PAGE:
Planned Parenthood has recently caused quite a stir in the portions of the blogosphere which classify themselves as “pro-life.” Blogger Thomas Peters has highlighted a series of undercover investigations by a pro-life group, LiveAction.  LiveAction members, disguised as pimps and sex traffickers, have produced footage demonstrating that they received offers of help from local Planned Parenthood employees to provide underage (and hence illegal) sex workers with contraceptives, abortions, and other reproductive services, some of which would be administered in violation of federal laws (not to mention the scandal from aiding persons engaged in criminal activity). (Full footage of conversations at 5 different PP centers can be found here).

Naturally, this development has to some extent reignited a debate on whether or not organizations such as Planned Parenthood should receive any kind of financial support from the federal government. Several members of the House of Representatives are already considering drafting bills that would completely remove funding for such groups. Though the Hyde Amendment (and Executive Order 13535, which applies the Hyde Amendment to federal insurance subsidies resulting from the recent health care overhaul) prevents direct federal funding for abortions, congressional pro-lifers seek to permanently codify these measures into federal law. In fact, two new proposals, the “Protect Life Act” and “No Taxpayer Funding for Abortion Act,” would seek to restrict even further the permissible use of federal funding for abortion-related activity. The ideological lines in this debate appear to be rather well-drawn. Pro-lifers, and their typically Republican allies, wish to further restrict or eliminate these sources of funding; pro-choicers, and their typically Democratic allies, seek to at the very least preserve the status quo.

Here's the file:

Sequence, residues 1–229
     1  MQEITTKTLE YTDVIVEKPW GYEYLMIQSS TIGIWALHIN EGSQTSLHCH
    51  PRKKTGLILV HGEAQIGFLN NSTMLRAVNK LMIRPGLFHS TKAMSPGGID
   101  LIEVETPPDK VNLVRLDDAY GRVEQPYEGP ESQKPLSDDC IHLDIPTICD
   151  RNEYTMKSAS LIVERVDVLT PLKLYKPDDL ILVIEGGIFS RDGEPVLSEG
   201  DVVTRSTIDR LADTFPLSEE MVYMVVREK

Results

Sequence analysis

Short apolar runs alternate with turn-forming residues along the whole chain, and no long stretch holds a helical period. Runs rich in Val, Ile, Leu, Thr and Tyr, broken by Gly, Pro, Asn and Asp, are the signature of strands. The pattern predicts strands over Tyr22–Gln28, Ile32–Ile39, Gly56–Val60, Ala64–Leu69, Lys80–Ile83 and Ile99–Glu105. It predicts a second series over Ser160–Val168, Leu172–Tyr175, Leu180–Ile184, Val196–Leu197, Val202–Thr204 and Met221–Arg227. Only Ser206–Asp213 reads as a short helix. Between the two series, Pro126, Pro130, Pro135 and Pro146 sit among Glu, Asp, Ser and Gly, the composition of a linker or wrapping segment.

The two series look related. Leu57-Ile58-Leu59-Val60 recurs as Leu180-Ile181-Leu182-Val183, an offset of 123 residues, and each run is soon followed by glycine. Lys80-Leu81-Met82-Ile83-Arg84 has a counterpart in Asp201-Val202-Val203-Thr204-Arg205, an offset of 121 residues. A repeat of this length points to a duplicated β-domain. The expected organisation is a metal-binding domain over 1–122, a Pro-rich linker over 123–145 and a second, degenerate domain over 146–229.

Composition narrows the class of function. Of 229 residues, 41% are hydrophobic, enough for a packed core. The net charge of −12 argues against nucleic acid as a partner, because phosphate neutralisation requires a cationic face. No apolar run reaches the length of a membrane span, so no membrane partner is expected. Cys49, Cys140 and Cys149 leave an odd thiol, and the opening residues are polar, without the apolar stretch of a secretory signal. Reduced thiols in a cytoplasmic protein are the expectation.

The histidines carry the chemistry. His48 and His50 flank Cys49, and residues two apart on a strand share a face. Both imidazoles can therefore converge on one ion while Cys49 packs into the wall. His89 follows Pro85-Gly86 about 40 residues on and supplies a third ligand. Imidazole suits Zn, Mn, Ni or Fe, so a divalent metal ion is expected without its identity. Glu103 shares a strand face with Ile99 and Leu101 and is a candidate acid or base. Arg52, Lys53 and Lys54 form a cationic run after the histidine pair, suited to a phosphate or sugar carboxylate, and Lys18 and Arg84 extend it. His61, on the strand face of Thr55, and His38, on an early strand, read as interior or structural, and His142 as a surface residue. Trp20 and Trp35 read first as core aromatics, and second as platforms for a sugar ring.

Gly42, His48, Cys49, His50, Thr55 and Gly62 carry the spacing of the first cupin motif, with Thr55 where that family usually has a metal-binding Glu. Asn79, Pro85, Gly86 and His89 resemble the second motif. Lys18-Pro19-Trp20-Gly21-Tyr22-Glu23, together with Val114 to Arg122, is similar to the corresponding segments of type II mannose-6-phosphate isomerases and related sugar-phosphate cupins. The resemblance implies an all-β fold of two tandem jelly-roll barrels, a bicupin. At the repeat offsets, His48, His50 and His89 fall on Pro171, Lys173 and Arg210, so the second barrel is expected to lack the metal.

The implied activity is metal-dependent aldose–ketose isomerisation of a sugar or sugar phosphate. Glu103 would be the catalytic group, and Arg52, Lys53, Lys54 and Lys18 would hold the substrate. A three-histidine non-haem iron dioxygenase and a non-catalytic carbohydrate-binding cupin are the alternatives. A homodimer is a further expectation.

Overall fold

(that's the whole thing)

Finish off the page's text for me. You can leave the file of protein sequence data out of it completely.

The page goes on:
But how do libertarians approach these kinds of sensitive policy questions?

This case is particularly interesting because it helps demonstrate that the libertarian approach to public policy questions is not always monolithic and without disagreements. Libertarians generally tend to agree on (sometimes) radical positions: widespread drug legalization, a drastic reduction in all sorts of government spending, reinforced protections for civil liberties, and the strengthening of private property rights. And though they essentially share concrete policy prescriptions even on federal funding of abortion, it is impossible to generalize libertarians as fitting squarely on one side of the “pro-life / pro-choice” spectrum.

This occurs because libertarians can sometimes have different reasons for supporting their choice of policy. Libertarians such as Milton Friedman or Harvard’s very own Jeffrey Miron adopt what is sometimes called a “consequentialist” approach: one that determines the merits of a policy from the standpoint of its costs and benefits. Seen from this perspective, federal funding for abortion is akin to broader federal involvement in issues such as health care – government should not have any involvement funding these sorts of procedures. The consequentialist approach does not focus on the “ethics” surrounding the issue. Rather, consequentialist libertarians typically advocate government involvement only when one can make a positive and convincing case that (1) there exists an important social problem (involving the presence of “large” externalities) and that (2) governmental action can, on the net, provide greater benefits than costs.  A typical consequentialist libertarian – even though he may be a supporter of legal protection for abortion  – will likely believe that federal funding for abortion services meets neither criterion.